There was one problem - the amount of money that Vertex was asking to be paid for the drugs meant that the NHS could not afford to take them. This created much controversy - there were fantastic new medicines that could really make a difference, but British patients would not be able to benefit.
On the other hand, Vertex had a valid justification - estimates are that it can cost over one billion dollars to bring each new medicine to market, so pharma companies need to be fairly recompensed for the research and development cost, and to incentivise them by allowing them to make a profit on top.
Vertex's refusal to drop its price was controversial - patients were continuing to suffer. So what to do?
Fortunately, it appears that pragmatism has prevailed with a keen spirit to work together on both sides.
NHS England has announced it has secured a commercial agreement with Vertex to make available all three of its UK-licensed cystic fibrosis medicines to NHS patients - Orkambi, Symkevi and Kalydeco. Around 5,000 people can now receive these treatments. There is no cap on patient numbers, so every patient in England can now get them free on the NHS.
The commercial terms are confidential, but Matt Hancock, the Health Secretary, hailed them as providing good value for British taxpayers. He said: “That fact also means that any drug company wanting to succeed commercially in this field needs to work constructively with the NHS. I’m pleased that Vertex has now agreed a deal that is good for our patients and fair to British taxpayers.”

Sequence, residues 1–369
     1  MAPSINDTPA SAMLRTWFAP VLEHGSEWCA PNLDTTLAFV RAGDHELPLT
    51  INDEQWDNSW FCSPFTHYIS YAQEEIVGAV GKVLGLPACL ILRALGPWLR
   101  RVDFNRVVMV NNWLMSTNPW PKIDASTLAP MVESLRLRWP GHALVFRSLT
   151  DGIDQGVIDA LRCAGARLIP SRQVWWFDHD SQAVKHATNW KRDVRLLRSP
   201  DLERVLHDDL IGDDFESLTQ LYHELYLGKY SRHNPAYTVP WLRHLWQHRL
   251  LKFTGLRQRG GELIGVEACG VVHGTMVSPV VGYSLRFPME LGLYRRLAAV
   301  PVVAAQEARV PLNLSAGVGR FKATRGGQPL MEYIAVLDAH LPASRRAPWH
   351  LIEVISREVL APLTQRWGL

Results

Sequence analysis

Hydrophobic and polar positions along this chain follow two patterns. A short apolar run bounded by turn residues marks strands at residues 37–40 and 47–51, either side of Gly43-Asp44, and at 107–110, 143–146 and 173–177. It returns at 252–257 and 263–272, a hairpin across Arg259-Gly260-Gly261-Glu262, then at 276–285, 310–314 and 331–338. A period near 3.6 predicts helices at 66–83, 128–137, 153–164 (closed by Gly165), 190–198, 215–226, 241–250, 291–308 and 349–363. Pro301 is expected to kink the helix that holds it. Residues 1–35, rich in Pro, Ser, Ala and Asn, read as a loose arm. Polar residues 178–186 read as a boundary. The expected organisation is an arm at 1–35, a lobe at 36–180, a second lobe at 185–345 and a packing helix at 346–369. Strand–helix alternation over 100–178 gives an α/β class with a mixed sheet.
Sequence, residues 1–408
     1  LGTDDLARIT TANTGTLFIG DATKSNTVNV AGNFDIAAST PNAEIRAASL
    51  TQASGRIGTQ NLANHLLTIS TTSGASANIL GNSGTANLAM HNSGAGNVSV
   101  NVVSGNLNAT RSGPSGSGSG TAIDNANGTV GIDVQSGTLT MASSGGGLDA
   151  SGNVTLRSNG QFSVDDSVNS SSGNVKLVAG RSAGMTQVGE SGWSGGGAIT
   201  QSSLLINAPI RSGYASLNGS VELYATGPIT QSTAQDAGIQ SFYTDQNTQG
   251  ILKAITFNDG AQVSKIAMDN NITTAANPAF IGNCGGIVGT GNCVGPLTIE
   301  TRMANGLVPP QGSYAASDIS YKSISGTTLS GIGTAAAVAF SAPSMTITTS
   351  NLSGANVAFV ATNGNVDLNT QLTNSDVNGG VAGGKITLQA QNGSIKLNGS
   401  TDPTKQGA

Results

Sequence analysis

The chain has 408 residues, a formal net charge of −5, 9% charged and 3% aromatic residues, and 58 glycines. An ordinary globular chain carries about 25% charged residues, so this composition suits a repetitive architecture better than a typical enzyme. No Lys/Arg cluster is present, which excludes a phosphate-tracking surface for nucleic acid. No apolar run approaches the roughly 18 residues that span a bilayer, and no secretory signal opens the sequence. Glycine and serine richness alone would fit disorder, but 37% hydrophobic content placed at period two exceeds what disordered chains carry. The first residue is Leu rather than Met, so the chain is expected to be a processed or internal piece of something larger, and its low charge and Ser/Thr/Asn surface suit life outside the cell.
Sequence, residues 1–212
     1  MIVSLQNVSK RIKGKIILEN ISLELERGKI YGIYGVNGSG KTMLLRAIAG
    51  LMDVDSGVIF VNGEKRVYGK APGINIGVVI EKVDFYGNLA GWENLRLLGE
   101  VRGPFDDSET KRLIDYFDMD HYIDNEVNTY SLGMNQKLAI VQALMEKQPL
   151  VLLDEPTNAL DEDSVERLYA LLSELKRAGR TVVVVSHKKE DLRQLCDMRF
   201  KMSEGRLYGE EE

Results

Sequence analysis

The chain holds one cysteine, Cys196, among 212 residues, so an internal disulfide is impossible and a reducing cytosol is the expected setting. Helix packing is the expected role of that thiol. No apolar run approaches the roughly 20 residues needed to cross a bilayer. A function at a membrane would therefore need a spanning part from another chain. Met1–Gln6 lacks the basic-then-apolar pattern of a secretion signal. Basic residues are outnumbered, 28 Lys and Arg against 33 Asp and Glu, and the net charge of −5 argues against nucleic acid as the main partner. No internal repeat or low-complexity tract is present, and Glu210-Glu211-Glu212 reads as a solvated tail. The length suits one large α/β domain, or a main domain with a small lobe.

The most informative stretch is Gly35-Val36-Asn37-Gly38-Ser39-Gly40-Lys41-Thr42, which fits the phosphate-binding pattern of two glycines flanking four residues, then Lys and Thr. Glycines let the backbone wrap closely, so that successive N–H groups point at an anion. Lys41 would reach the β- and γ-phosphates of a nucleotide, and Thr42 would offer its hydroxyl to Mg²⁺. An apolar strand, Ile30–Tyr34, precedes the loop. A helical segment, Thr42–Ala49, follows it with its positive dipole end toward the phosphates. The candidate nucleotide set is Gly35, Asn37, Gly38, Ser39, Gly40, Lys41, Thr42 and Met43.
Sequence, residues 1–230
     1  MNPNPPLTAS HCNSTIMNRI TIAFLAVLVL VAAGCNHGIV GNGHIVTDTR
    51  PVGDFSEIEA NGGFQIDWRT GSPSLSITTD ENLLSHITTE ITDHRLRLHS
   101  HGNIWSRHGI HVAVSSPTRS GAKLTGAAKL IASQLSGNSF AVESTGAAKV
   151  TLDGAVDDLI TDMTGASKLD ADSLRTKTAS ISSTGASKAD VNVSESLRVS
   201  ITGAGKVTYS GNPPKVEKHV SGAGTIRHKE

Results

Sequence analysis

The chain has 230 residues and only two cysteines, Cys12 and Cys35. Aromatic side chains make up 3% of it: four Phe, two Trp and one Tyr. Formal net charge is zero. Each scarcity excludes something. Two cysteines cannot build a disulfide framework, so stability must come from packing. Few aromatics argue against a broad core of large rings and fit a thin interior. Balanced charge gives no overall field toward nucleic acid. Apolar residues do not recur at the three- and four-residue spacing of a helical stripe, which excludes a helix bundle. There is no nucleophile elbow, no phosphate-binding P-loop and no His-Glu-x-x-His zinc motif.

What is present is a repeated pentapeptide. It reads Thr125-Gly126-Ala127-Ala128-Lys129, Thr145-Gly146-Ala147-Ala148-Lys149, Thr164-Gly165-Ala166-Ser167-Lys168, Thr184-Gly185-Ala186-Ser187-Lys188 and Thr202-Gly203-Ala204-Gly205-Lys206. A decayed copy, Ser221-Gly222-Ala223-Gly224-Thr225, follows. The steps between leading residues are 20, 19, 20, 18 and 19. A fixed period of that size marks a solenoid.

A binding condition is that Vertex has to submit its full portfolio to the National Institute for Health and Care Excellence (NICE) for comprehensive appraisal.
Over the last two years, as envisaged by the Accelerated Access Review, NHS England has established an expert commercial drugs team to work closely with the pharma industry and NICE, and has negotiated several innovative deals, allowing new and promising treatments to be available for NHS patients. These include:
This is fantastic to see. A pharma company working closely with the NHS to enable patients to benefit, and for the pharma company to be paid for use of its drug. Progress with drug development is important for patients, but there is no point creating the drugs that are beyond the budgets of payers. Then, the drug manufacturer gets no payback on its investment. Hopefully, the terms are such that the pharma company gets a fair price, even if not the one it originally wanted, while patients will be able to benefit from this game-changing medicine.